When the Anglo-French wars broke out as part of the French Revolution, however, Wordsworth returned to England before Caroline was born, and he lost contact with Vallon until 1803, when he once again travelled to France – only to inform Vallon of his impending marriage to another woman, Mary Hutchinson. 

Although Wordsworth ensured that Caroline would be financially provided for, it’s probable that the poet’s abandonment of Vallon had weighed on his conscience for a long time afterwards. 

reign of terror
The Reign of Terror, Execution by guillotine (Pierre-Antoine Demachy, c. 1793) Photo credits: Jupiterimages

Having revised this section after their meeting in 1803 (the changes which would have been incorporated in the 1805 and 1850 versions), could the boat in this excerpt be an analogous stand-in for Vallon, who Wordsworth had, in a way, taken advantage of and ultimately cast aside? 

But the presence of the grim, dark and huge peak in this excerpt suggests that a greater force was at work to separate Wordsworth from his French lover, and read historically, this force would have been none other than the French Revolution and its attendant conflicts at the cusp of the 19th century. 

Equally, that “she was an elfin pinnace” – the word ‘pinnace’ meaning a small boat on a larger ship which carries goods and people to the shore – could convey Wordsworth’s gratitude for Vallon. 

After all, she was the woman who had ‘carried’ him back to the shore of safety (all the while carrying his child), thus enabling him to return to his homeland and start his life anew, away from the chaos and brutality of revolutionary france. 

Stasis vs progress

Finally, throughout this excerpt, there is an overarching tension between the reality of stasis and the desire for progress. 

We see this in the imagery of the “small circles glittering idly in the moon”, which refer to the rippling movements on the lake surface, and are contrasted against their “melt[ing] all into one track/Of sparkling light”. 

As the speaker begins his boating journey, his ambition is to disrupt the circular tranquility of the environment and “to reach a chosen point/With an unswerving line”. But the speaker is ultimately forced to come full circle, as it were, as the huge peak thwarts his single-minded plan of reaching “the summit”. 

This geometric juxtaposition of circles and lines, then, symbolises man’s perennial struggle with staying put versus moving forward, with being content with the status quo versus blazing new, but potentially risky, trails, and indeed with starting a revolution or labouring after slow progress.

The conclusion that Wordsworth seems to suggest, perhaps, is that man often pursues beyond the extent of his capability, and just as the speaker is forced to accept his defeat in the face of a darker, greater force, so the poet reflects on the need for fervent souls to see the ‘boundaries’ in human power.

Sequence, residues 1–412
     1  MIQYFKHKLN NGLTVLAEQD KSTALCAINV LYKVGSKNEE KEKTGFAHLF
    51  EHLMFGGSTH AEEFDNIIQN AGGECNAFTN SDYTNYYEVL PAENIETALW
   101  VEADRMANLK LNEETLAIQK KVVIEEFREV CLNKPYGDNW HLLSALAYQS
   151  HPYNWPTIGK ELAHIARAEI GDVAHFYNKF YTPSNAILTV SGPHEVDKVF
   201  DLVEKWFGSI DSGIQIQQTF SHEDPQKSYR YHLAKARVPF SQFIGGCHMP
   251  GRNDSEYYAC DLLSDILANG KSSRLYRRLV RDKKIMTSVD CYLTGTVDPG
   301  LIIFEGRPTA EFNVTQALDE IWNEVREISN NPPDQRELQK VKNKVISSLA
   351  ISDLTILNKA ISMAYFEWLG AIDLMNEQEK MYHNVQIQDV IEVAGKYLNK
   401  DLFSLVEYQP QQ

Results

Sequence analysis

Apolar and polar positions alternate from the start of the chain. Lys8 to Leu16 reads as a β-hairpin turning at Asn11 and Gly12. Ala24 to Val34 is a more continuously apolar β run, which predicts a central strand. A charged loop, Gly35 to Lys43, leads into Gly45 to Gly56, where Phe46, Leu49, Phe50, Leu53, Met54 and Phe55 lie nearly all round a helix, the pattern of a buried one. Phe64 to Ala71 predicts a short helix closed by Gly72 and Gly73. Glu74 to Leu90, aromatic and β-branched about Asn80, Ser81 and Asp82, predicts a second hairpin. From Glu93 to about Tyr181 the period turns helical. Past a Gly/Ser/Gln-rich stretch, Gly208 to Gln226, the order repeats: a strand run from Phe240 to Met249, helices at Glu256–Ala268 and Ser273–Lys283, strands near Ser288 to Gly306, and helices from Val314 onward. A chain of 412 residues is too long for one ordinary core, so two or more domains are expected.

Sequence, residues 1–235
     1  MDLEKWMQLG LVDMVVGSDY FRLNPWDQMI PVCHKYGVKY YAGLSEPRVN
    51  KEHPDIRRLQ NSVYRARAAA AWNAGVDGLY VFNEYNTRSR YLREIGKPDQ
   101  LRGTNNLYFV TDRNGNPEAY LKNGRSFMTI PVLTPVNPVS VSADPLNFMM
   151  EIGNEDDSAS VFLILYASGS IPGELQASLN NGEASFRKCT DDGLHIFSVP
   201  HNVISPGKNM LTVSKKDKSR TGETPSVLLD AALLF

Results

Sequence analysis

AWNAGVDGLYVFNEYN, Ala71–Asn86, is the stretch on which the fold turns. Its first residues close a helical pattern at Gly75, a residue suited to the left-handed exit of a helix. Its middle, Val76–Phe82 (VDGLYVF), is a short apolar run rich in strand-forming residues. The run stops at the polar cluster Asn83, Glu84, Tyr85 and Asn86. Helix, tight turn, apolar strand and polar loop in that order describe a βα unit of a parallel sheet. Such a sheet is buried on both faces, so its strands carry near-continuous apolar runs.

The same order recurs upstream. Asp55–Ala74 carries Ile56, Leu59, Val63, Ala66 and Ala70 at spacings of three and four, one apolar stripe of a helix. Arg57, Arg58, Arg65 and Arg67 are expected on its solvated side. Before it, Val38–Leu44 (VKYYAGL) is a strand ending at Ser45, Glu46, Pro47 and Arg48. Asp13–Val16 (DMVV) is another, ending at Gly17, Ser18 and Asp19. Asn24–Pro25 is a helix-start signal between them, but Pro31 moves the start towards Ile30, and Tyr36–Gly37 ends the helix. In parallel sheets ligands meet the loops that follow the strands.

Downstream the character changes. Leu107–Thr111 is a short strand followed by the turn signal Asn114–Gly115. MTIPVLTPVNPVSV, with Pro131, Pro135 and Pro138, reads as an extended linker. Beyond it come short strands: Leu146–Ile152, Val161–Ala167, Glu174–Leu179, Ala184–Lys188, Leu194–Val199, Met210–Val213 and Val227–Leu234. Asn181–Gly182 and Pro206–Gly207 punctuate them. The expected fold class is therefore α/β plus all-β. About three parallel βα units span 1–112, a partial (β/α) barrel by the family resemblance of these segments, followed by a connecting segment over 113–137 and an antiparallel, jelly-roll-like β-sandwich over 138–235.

This idea is also reflected in the contrasting syntactic rhythms between the opening and the closing lines of the poem – 

One summer evening (led by her) I found
A little boat tied to a willow tree
Within a rocky cove, its usual home.
Straight I unloosed her chain, and stepping in
Pushed from the shore. 

(l. 1-5a) 

Contra – 

               No familiar shapes
Remained, no pleasant images of trees,
Of sea or sky, no colours of green fields;
But huge and mighty forms, that do not live
Like living men, moved slowly through the mind
By day, and were a trouble to my dreams. 

(l. 39b-44 / final line) 

Compared to the enjambed opening from lines 1 through 3, the final section of the poem is a lot more cluttered with caesurae. There are 4 pauses in l. 1-5a, and 8 pauses in l. 39b-44. 

This could reflect the change in the speaker’s mood and orientation: from self-assurance and anticipation to self-doubt and pensiveness; from taking the action of stealing and steering a boat to resuming a more passive pose of reflecting and brooding over his experience. 

Wordsworth in old age

Unlike the forward-plunging momentum of the enjambment, the scatter of commas represents the speaker’s growing hesitations about his behaviour and beliefs post-event. 

This would also be an appropriate parallel for Wordsworth’s own life trajectory, having changed from being a hot-blooded pro-revolutionary in his youth to becoming a disillusioned conservative in his later years. 

And so this ‘boat-stealing’ extract conveys a level of raw humility that counterposes the narcissistic deceit in ‘My Last Duchess’, as Wordsworth’s speaker ponders on the guilt he feels over having once overstepped the boundaries determined for him (and for man at large) and discarded a relationship that was doomed to begin with, whereas the Duke feels no compunction about – and indeed revels in – his moral transgression towards his late wife. 

To read my analysis of other poems, check out my posts below: